NATO Demands Russia's 'Complete Disclosure' of Novichok Program to OPCW

NATO's secretary-general has demanded that Moscow cooperate with the international chemical weapons watchdog in an investigation into the Novichok poisoning of Russian opposition politician Alexei Navalny.

Following a meeting of the alliance on Friday, Jens Stoltenberg said that there was "proof beyond doubt" that Navalny had been targeted by "a military-grade nerve agent" from the Novichok group.

Navalny lies in a coma in the Charite hospital in Berlin, where he was evacuated from the Siberian city of Omsk after he fell ill on a flight last month.

The German government said on Wednesday there was "unequivocal evidence" that Navalny had been poisoned by Novichok, a nerve agent which had also been used in an attack in Salisbury, England, on former Russian spy Sergei Skripal and his daughter, Yulia, in 2018.

Russian opposition leader Alexei Navalny
Russian opposition leader Alexei Navalny in Moscow on September 29, 2019. Nato has called for Russia to co-operate with a probe into his Novichok poisoning. YURI KADOBNOV/Getty Images

Stoltenberg described the use of such a weapon as "horrific" and added all members of the alliance condemned the attack.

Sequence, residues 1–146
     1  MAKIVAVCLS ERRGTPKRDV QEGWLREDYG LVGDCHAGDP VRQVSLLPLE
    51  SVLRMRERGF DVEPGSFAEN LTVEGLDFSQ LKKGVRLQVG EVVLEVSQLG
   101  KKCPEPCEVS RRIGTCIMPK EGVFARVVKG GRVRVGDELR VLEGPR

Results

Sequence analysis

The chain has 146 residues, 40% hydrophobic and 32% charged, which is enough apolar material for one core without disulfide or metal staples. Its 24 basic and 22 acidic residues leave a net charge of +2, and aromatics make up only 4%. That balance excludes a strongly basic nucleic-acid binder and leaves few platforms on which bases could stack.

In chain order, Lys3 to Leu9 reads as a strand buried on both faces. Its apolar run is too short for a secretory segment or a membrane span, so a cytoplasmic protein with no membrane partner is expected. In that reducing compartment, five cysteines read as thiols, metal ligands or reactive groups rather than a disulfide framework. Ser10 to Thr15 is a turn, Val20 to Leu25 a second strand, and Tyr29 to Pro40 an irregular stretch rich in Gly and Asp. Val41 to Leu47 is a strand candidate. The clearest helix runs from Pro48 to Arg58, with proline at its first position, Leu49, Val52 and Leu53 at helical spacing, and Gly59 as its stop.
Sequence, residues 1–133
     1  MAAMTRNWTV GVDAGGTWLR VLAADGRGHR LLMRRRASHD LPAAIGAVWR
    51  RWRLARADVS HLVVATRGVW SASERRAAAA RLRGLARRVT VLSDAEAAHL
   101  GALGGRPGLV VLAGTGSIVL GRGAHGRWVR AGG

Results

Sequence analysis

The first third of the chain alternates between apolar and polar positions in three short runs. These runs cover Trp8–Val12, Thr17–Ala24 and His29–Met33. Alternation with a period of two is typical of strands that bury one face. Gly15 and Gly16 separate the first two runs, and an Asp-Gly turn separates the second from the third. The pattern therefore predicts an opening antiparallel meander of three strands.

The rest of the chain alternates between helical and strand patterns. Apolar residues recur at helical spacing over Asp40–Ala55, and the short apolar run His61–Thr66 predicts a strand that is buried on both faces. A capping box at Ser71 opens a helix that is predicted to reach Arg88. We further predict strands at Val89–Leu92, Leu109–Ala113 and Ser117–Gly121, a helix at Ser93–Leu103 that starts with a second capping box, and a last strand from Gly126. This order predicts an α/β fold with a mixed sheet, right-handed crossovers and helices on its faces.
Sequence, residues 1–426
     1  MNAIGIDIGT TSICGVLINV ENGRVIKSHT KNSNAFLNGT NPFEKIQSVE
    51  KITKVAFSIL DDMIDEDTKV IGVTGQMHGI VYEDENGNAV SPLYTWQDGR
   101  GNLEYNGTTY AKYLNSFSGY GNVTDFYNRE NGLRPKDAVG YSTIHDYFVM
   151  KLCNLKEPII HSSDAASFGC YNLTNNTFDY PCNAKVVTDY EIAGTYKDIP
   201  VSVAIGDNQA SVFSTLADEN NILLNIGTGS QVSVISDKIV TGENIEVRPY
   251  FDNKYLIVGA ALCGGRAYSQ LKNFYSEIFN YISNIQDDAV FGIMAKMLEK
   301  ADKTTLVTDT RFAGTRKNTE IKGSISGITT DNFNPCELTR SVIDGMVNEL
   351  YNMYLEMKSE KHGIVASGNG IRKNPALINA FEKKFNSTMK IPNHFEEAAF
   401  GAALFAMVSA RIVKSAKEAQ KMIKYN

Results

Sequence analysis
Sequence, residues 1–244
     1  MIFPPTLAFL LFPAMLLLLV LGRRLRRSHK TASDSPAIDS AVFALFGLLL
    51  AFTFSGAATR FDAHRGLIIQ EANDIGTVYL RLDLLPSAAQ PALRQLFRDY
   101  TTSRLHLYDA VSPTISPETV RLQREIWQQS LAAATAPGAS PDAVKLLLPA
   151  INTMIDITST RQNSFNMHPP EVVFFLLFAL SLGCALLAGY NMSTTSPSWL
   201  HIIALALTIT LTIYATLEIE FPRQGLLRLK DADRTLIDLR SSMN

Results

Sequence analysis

"Any use of chemical weapons shows a total disrespect for human lives, and is an unacceptable breach of international norms and rules. NATO allies agree that Russia now has serious questions it must answer," he said.

"The Russian government must fully cooperate with the Organisation for the Prohibition of Chemical Weapons on an impartial, international investigation. Those responsible for this attack must be held accountable and brought to justice.

"We also call on Russia to provide complete disclosure of the Novichok program to the OPCW," he added.

With pressure growing on Moscow, a group of 100 MEPs penned a letter appealing to the EU on Friday to push for a probe into the poisoning, with the co-operation of the OCPW. "We cannot stand by and watch while opposition in Russia is systematically subjected to poison attacks," the letter said.

The Kremlin denies there is any evidence that Navalny was poisoned and insisted that Germany is yet to provide proof.

On Friday, Kremlin spokesperson Dmitry Peskov said doctors at the Omsk hospital where Alexei Navalny had been initially treated had been much more open about his condition than the German hospital where he is now.

"Our doctors behaved much more transparently with regard to informing both journalists and everyone interested in what the German colleagues are doing," he said, according to Tass.

"If there is confirmation of information about the presence of any toxic substances in the patient's biological samples, then, of course, there is no doubt, that a de jure opening of the investigation will follow," the Kremlin spokesman added.